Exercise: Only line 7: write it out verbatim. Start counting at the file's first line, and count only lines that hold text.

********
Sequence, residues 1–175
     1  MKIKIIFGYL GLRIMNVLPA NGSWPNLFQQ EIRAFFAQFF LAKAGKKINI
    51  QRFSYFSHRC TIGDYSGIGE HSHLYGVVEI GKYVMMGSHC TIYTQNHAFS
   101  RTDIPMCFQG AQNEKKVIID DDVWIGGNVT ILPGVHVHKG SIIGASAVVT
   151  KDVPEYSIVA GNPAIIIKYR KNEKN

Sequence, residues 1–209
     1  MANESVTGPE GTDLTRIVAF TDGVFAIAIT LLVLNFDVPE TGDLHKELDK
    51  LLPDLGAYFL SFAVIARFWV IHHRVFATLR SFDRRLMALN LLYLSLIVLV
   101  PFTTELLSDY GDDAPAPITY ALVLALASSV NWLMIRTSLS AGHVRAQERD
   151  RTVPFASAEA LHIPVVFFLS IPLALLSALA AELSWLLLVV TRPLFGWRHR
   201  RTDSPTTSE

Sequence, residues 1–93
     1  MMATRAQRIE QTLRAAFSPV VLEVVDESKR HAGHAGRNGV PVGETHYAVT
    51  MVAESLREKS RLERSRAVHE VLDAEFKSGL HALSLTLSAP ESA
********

     1  MANESVTGPE GTDLTRIVAF TDGVFAIAIT LLVLNFDVPE TGDLHKELDK